In a surprising move, lawyers for Time, Inc. requested that their settlement with football coach Mike Price be thrown out on the grounds that the plaintiffs violated an agreement to make only limited comments about the settlement which had been reached last week to settle Price's $20,000,000 lawsuit against Sports Illustrated for defamation. Full article here on the ESPN.com web site.
Attorney Steve Heninger, counsel for the UTEP football coach, denied that they had violated any of the term of the agreement, and further stated that he would file a motion to enforce the agreement, and that neither he nor his client had released the terms of the deal, nor would they.
The whole issue of confidentiality agreements is one fraught with peril, as what is "limited comments" by one side, might be an opus on the case by the other. I vividly remember the first major headline case I ever settled as a young man back in 1982. It was the Copley Hotel fire case, which obtained great notoriety as Sumner Redstone was a guest of the hotel, and he courageously hung by the sill of his 5th floor window, the fire burning his hands, until he was rescued by the Boston Fire Department. My good friend, and then adversary in the case, was Attorney Jan Schlichtmann who represented the estate of one of the victims of the fire. After protracted negotiations we finally settled on an amount, part cash, a large portion structured, with the net FUTURE value of all payments exceeding $10,000,000, while the settlement amount, which was substantial, was quite a bit less then that.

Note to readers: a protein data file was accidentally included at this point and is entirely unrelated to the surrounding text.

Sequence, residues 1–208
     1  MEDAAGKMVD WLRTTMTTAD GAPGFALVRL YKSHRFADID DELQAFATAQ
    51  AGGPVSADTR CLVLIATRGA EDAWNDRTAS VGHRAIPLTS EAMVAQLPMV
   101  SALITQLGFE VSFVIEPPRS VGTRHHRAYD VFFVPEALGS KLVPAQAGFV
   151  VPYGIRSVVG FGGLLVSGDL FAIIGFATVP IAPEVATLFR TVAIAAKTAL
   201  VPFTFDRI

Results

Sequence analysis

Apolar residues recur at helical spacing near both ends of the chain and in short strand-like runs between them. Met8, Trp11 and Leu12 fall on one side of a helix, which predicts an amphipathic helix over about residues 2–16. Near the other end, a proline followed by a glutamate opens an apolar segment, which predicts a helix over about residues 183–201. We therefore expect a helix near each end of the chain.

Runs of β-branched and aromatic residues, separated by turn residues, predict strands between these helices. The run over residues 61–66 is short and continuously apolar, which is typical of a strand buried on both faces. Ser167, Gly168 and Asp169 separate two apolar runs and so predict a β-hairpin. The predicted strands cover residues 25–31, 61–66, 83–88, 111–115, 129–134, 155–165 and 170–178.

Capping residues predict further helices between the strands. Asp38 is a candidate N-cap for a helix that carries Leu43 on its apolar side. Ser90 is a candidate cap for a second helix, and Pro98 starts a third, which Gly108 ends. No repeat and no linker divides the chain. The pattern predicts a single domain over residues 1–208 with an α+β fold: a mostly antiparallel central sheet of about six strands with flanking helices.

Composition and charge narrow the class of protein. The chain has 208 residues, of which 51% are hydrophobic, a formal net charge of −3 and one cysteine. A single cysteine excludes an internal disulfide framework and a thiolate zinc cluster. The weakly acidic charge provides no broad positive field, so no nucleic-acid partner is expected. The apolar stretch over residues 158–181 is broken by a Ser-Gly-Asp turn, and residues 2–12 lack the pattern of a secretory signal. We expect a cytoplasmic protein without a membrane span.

The defense team requested that Attorney Schlichtmann keep the settlement private, which he declined to do, stating that he would only advise the local legal press that a case had been settled. I was awakened the next morning, on a Saturday by a phone call from the claims manager I worked with case with. "Kid, go get a copy of the Boston Herald, you won't believe it." Well, there on the front page of the Saturday edition was a full page photo of our adversary, with his partners, under the screaming tabloid headline, " Boston lawyer obtains $10 million settlement in hotel fire"
So much for just mentioning it to the local legal press.
My point is, confidentiality agreements are usually hard to enforce, foolish, and cause more pain then they save. Settle the case, state the facts, and move on. I suggest Time let this sleeping dog lie and not continue to draw attention to their settlement, but then, what does an old settlement guy know about such things.